A nine-tonne meteor streaked across the sky above Russia's Ural Mountains Friday morning, causing sharp explosions and injuring hundreds of people. An even bigger chunk of space rock about the size of a jet plane is set to zip between the Earth and our weather satellites on Friday afternoon, and while NASA says we're not in any danger of a catastrophic collision, it's hard not to wonder what would happen if we were.
Meteors typically cause sizeable sonic booms when they enter the atmosphere because they are traveling much faster than the speed of sound. Injuries on the scale reported Friday in Russia, however, are extraordinarily rare.
Asteroid 2012 DA14, due to make its closest approach to Earth around 2:24 p.m. ET today, won't enter the planet's atmosphere. But it's predicted that the 45-metre diameter, 130,000-tonne asteroid will pass closer to Earth than any object its size has come in decades.
At its closest point it will be 27,700 kilometres from the planet's surface — a mere tenth of the distance between the Earth and the moon.
At that time, it will be zooming by at about 28,100 kilometres per hour or 7.82 kilometres per second relative to Earth.
"It's a record close approach," said Robert Cockcroft, manager of McMaster's WJ McCallion Planetarium. "An object of this size gets this close only once every 40 years or so."
DA14 was discovered in February of 2012 and has been tracked since then. The asteroid's orbit is so well known that "there's no chance of a collision," said Donald Yeomans, manager of NASA's Near Earth Object Office.
Meteor, meteoroid, or meteorite?
Small pieces of space debris — usually parts of comets or asteroids — that are on a collision course with the Earth are called meteoroids. When meteoroids enter the Earth's atmosphere they are called meteors. Most meteors burn up in the atmosphere, but if they survive the frictional heating and strike the surface of the Earth they are called meteorites.
Nor is it likely to hit any satellites. It's too close to Earth to collide with the geosynchronous satellites, but a lot further out than the bulk of Earth's orbiting satellites, including the International Space Station, which is located 386 kilometres above the surface.
NASA estimates that asteroids this size fly this close to the Earth about once every 40 years and hit the planet roughly once every 1,200 years. The last time it happened was on June 30, 1908, when a meteorite crashed in Tunguska, Russia.
North Americans won't be able to see asteroid DA14, Cockroft says, as it's set to sail over the Indonesian region. Even there it won't be possible to see it with the naked eye, but amateur astronomers do have a shot at spotting the asteroid with a telescope — though the object's rapid speed could make that a difficult task, Cockcroft said.
The worst case scenario
But what if an asteroid this size was to someday strike a built-up area, such as Hamilton in Southern Ontario's Golden Horseshoe region?
Cockcroft says the impact would be something like the event in Tunguska, Russia, back in 1908. It leveled trees over a 2,124-square-kilometre territory.
How common are meteor strikes?
Experts say smaller strikes happen five to 10 times a year. Large impacts such as the one Friday in Russia are rarer but still occur about every five years, according to Addi Bischoff, a mineralogist at the University of Muenster in Germany. Most of these strikes happen in uninhabited areas where they don't cause injuries to humans.Read more about meteors.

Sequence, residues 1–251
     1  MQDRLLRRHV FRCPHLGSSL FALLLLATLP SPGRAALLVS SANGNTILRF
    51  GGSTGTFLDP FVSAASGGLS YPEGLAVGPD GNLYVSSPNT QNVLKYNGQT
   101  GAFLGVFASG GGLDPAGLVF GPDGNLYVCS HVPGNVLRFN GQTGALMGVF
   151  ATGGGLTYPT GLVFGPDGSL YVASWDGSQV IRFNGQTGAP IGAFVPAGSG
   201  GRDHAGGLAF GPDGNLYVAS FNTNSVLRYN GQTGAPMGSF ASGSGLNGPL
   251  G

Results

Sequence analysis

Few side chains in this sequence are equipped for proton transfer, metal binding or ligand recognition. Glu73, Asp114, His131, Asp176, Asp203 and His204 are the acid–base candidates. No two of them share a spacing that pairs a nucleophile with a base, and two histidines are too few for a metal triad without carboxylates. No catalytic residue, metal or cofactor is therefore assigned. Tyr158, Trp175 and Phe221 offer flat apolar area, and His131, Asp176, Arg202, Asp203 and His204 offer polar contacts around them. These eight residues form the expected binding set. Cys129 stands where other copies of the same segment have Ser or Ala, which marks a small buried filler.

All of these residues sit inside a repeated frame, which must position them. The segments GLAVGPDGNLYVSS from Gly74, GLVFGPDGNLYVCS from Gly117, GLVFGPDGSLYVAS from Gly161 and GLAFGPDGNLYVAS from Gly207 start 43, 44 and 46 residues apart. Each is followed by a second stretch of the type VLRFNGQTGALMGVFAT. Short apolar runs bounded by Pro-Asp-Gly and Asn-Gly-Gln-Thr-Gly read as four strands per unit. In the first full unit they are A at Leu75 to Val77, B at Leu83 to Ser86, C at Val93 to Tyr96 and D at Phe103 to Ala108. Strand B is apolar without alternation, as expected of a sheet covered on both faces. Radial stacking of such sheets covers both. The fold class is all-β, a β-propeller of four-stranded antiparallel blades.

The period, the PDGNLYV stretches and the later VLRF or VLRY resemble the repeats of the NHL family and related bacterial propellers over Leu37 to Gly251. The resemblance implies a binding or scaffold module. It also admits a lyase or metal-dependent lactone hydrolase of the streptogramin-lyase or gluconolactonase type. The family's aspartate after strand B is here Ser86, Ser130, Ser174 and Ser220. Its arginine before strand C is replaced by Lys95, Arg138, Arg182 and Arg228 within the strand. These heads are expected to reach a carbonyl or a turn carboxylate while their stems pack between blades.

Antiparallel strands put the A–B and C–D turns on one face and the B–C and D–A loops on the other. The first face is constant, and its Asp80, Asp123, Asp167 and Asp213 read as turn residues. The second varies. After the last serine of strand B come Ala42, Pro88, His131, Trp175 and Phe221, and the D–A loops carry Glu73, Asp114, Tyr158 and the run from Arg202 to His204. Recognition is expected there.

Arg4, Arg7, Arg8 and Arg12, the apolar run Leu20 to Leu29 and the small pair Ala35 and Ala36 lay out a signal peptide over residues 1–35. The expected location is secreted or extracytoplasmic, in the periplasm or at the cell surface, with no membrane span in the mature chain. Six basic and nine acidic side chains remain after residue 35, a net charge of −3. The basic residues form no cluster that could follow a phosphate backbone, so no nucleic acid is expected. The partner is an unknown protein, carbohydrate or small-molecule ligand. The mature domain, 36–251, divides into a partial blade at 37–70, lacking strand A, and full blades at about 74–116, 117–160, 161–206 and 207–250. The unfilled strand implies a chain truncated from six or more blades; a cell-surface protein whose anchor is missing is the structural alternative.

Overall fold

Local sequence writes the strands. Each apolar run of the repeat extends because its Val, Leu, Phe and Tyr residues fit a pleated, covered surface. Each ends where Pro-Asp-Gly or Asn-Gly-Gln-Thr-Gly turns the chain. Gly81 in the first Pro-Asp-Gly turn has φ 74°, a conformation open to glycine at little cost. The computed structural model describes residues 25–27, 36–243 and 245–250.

However, estimates put the Tunguska meteor at around 100 metres, which is more than double the size of 2012 DA14.
But as Cockroft points out, that asteroid struck an uninhabited stretch of Siberia — so the collateral damage was largely confined to trees and land masses. If DA14 were to hit downtown Hamilton, the results would be catastrophic.
"It would create a very large impact crater and flatten everything in the downtown region," Cockcroft said.
Shockwaves would emanate through the ground and be felt for kilometres. A "compression wave" of force would also push through the air, toppling buildings and blowing out windows, he added.
"You would have to evacuate the entire city of Hamilton and surrounding areas — maybe even much of southern Ontario," he said, in order to avoid massive casualties.
Heat derived from the rock's entry into the Earth's atmosphere and the kinetic impact with the planet would likely cause fires throughout the city, too.
"With oxygen and fuels everywhere, things could spontaneously start igniting," he said.
Hamilton wouldn't fare much better if the asteroid struck Lake Ontario.
"Then we'd have to worry about a giant tsunami created on the lake," Cockcroft said. "It would be like a solid mass of water coming towards you."
A drifting orbit
While DA14 has been coming relatively close to Earth about twice a year, that's about to change, NASA's Yeomans said at the press conference Thursday. As it flies by, the Earth's gravity will actually perturb the asteroid's orbit, shaving a couple of months off its usual 12-month travel time around the sun.
"It won't come back in the Earth's neighbourhood anywhere near as frequently as it has in the past," he said. "The Earth is going to put this one into an orbit that is considerably safer than the orbit it has been in."
Cockcroft says NASA is monitoring "millions of pieces of debris right now" that are less than 100 metres in diameter. "It's a laborious process, but in the end it could save us all," he said.
He also lamented that asteroids are only viewed for their destructive capacity, when they also have the ability to help give rise to life.
"They were the things that brought the things to Earth that were needed to form life, like water and carbon," he said.
"There is no denying their destructive side. But they also helped create life on Earth."
Earth's close encounter
–Courtesy STK animation courtesy of Analytical Graphics, Inc